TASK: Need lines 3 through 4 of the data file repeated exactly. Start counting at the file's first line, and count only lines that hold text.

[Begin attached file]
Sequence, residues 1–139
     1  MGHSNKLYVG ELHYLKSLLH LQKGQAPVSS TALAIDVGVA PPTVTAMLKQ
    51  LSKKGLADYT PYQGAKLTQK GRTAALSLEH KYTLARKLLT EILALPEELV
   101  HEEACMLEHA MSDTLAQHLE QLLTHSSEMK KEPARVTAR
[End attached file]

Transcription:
    51  LSKKGLADYT PYQGAKLTQK GRTAALSLEH KYTLARKLLT EILALPEELV
   101  HEEACMLEHA MSDTLAQHLE QLLTHSSEMK KEPARVTAR